The hook of free books

Kai Hemingway, Writer

Hang on for a minute...we're trying to find some more stories you might like.


Email This Story






The issue of students and teachers lacking access to good, personal books has now been solved by the free bookshelf, located just outside the library. The shelf is placed directly outside the entrance to the library and consists of two separate cases for the free books. 

Peter Jones has been the librarian at BFA for 16 years and states that the bookshelf was already there. Jones recounts how the books on the shelf come to be, coming from both the library itself and other generous, or confused, people. 

“The books on the shelf come from either books that we’re weeding out from the collection or people bring their own books in. And people will borrow books [from the library] and then bring them back and put them on the free bookshelf instead,” Jones said. 

While some make the mistake of placing the library’s own books in the wrong area, others are kind enough to bring their own from home. Extra caution must be followed when a personal book is brought in, just in case something inside is not up to school code.

“If the books brought in aren’t appropriate, then they’ll just get thrown away. But you never know, someone might want it. So children’s books, someone might want it for their grandchild, neighbor’s kid, something,” Jones explained. 

Jones has also observed the usage and popularity of the bookshelf with the number of students using it going in “spurts.”

A free bookshelf opens up the world of reading to students that it may not have reached before. Reading also has its own benefits to offer. Andrew Moorhead from Campbell County Public Library offers up those the benefits of reading books. 

Moorhead discusses the many advantages of books. Such advantages are mental stimulation, stress relief, more sleep, better memory, increased empathy, improved concentration, entertainment and vocabulary expansion. 

“Your brain requires exercise to keep it strong and healthy, just like all muscles in your body. Reading has been found to enhance connectivity in the brain. A decline in memory and brain function is a side effect of aging, but regular reading may help slow the process. Keeping your brain active and engaged can slow the progress of Alzheimer’s disease and dementia,” Moorhead explains.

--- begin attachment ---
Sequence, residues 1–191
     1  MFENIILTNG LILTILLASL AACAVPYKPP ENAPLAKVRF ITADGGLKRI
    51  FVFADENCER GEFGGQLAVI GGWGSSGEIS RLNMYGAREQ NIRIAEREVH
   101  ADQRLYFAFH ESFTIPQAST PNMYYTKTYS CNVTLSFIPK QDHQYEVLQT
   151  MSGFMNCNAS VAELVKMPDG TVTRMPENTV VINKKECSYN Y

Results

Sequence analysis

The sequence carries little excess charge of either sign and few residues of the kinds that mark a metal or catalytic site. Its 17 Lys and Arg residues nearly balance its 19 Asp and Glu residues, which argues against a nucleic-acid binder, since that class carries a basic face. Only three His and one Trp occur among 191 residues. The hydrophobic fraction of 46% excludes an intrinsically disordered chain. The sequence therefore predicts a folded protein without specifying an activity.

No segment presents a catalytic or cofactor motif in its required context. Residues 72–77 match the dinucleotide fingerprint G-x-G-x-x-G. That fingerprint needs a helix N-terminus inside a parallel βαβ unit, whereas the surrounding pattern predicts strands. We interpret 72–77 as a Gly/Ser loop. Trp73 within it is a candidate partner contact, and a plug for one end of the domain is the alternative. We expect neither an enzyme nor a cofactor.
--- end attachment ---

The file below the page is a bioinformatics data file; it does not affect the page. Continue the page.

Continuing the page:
The bookshelf offers students a way to exploit these advantages and improve their education, and their independent reading time.

One such student is Emily Bachand (‘20). Bachand believes the bookshelf to be a great idea for not only students, but also teachers alike.

“[The bookshelf] is great because for people who might not be able to afford books for recreation that aren’t for school, it’s good for them so that they can have books too and not have to worry about returning them for the summer so they can have some summer reading too. It’s also a good way for the library to still have lots of space so that they can buy new books and it’s a good way to find old classics that have been forgotten about,” Bachand said. 

Bachand discovered the free shelf by walking past the sign on her way into the library. Though the sign is in plain view, Bachand believes that the shelf could be advertised a bit better.

“Yeah there is a sign, but if you’re not looking directly at the sign you’ll think that it’s just another part of the library or some promotion you don’t really know what it is unless you actually look at the sign, you might think it’s just the library spilling out of its coven,” Bachand said. 

Bachand brings up a valid problem of the shelf, lack of advertising. There is a sign for the shelf, but it is only located by the Library. Free books have been placed in the main entrance before and were taken home by new owners in record time.

There are still ways the bookshelf could be advertising better in order to attract students to it. 

“They could put it in the daily announcements, but a lot of students probably put the daily announcements on spam. They could have it in the main entrance or notices in the cafeteria as well,” Bachand said. 

Though students aren’t the only ones taking advantage of the free bookshelf. Teachers alike have taken books of their own. One such teacher is Larissa Hebert.

Hebert is an English teacher and has been at BFA for around 12 years. Hebert offers her own look at the shelf.

“It is a nice place for students and teachers alike to grab free books to read. I have found some books from this shelf to put in my classroom library,” Hebert said. 

The bookshelf is a great way for teachers to grab books for their own classes, as Hebert did. Many teachers across the nation have to buy their own school supplies, where books can rack up a hefty price. Mill City Press reports that on average a traditional paperback novel can cost from between $13.95 to  $17.95. 

Emma García from the Economy Policy Institute sheds lights on the matter. 

“Teachers, too, are gearing up to go back to their classrooms by opening their wallets to buy classroom supplies. An overwhelming majority of them—more than nine out of 10—will not be reimbursed for what they spend on supplies over the school year, according to survey data from the National Center for Education Statistics (NCES),” Garía said. 

The bookshelf helps combat this problem for teachers by giving an additional opportunity for them to grab the books they need for their student’s educational success. 

All in all, the free bookshelf is an amazing addition to the school. It provides many benefits for everyone in the school. So head on up to the library and take your pick from a large selection of amazing, free books!

Print Friendly, PDF & Email